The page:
Reynolds' Odin-like father figure is balanced by the wide-eyed manchild performance of Mark Wahlberg, who is always at his best as a meathead such as Dirk Diggler. The character is written and framed as a sort of beatific kid-messiah figure of the decadent '70s porn world, and fittingly that includes his instant sense of superstar entitlement. The real standout performances come from the smaller characters who most nakedly (ugh, sorry) experience the struggle to move on with their lives. Don Cheadle's Buck, a B-actor of the production company, begins the film as an outsized sight gag in his cartoony cowboy aesthetic. But by the time the film ends, we'e seen real pain and hope and despair in his struggles to pursue his dreams, and we root for him. Heather Graham's Rollergirl seems required to constantly keep bouncing around each wild party, as if standing still a moment will force her to confront her very raw vulnerabilities. William H. Macy steals every scene he's in as sad sack Little Bill, the matter-of-fact assistant director who definitely ruins that New Years party. Being that the film is less about the industry or the era than it is about this extended family of outcasts searching for acceptance and only finding it in each other, it's fitting that the acting manages to outshine the drifting, dreamy photography and even the authentic (and appropriately garish) production design.

By the time the final twenty minutes or so of the film have gone completely off the rails, with a deranged combination of cocaine, Rick Springfield's "Jessie's Girl," haphazard firecrackers going off, and a wild-eyed Alfred Molina waving a revolver around, it's clear that Anderson's chief thesis statement for the film is that every party, or for that matter every heyday of easy money and free drugs and casual sex, either has to end in its proper time or mutate into irreversible nightmares. That's an inventive way to illustrate a fairly mundane observation of human behavior, and I'd forgive a critical audience for seeking more than that out of such an ambitious and hefty film. Luckily, the film ends on a more poignant tracking shot that aims back to the surrogate family, all operating in tandem with each other and filling the gulfs in each other's lives. Accepting each other, even after the tumultuous fights, the life-altering mistakes, and the uncomfortable ways in which they marked each other.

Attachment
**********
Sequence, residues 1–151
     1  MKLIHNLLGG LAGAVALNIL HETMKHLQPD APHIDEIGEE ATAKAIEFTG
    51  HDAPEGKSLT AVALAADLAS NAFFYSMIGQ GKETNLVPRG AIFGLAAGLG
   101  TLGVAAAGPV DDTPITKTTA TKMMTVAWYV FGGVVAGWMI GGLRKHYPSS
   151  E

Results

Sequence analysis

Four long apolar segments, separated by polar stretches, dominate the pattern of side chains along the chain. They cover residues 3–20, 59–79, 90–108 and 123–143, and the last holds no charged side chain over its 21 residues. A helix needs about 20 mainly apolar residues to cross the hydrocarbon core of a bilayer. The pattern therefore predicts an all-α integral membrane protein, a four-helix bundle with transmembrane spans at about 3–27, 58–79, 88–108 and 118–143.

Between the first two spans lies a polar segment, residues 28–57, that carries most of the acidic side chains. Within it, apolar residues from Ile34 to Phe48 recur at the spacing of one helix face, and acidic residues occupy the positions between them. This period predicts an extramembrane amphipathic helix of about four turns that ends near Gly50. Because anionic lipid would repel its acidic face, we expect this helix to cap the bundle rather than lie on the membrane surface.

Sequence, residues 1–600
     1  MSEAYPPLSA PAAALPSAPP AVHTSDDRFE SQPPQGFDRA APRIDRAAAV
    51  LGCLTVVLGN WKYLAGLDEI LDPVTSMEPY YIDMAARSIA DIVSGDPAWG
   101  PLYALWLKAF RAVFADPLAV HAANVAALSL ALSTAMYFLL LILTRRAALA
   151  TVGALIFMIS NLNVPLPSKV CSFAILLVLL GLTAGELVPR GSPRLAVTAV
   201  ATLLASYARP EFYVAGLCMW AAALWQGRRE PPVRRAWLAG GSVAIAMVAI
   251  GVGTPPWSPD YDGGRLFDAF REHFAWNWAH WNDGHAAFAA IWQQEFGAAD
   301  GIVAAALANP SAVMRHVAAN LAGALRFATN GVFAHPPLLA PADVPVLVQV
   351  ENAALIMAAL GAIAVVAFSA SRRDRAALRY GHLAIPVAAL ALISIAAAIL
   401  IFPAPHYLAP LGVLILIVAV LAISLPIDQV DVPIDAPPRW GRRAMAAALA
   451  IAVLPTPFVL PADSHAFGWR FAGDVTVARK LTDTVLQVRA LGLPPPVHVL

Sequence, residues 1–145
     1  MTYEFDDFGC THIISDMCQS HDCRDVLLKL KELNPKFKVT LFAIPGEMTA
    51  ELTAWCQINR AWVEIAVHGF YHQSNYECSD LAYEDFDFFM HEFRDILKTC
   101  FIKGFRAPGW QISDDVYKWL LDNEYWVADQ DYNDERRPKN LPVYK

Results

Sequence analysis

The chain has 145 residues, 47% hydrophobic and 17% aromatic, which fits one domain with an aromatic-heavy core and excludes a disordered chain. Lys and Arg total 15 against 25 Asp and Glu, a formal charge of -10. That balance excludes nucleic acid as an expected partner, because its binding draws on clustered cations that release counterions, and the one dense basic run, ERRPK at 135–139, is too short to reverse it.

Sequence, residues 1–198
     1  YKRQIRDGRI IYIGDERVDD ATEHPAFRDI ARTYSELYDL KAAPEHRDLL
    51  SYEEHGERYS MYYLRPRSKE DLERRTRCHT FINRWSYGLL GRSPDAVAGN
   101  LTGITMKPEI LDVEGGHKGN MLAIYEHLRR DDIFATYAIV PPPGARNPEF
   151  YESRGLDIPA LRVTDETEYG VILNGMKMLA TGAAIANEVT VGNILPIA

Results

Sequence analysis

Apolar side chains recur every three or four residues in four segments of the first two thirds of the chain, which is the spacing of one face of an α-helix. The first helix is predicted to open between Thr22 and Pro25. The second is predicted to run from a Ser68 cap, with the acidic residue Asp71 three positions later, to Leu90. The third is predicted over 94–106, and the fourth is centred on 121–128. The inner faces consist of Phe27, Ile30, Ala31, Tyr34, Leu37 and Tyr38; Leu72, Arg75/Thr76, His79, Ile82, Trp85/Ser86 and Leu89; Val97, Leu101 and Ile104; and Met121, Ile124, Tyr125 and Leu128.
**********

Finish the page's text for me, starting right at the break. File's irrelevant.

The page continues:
When Boogie Nights came out, I was all of maybe ten years old. It was a naughty movie, despite not depicting very much gratuitous sex. When I finally saw it at around age 13 thanks to HBO rotations (and my freewheeling latchkey kid lifestyle), I seriously didn't get it. It's taken the whole back half of my life to really reexamine it and recognize it as one of the undisputed best films of the 1990s. It's incredibly sharp filmmaking, powerful acting all around, and as if that weren't enough it's also a vastly entertaining surface watch. It's a movie with something for almost everyone, as long as you can get past the obvious roadblocks of the subject matter. That may be the point, that it challenges you to really consider the naughty porn movie outside the context of perceived deviance. That's all Jack Horner wanted, was a porn movie that really hooked you, made you think, and made you stick around to see how it ends.

Rating: ✰✰✰✰1/2

This review is a part of Kyle's Letterboxd profile, which includes reviews and movie lists not covered here at the blog, including a ranking of several franchises and excerpts from the book, Cinema Autopsy, which is available on the Amazon Kindle store.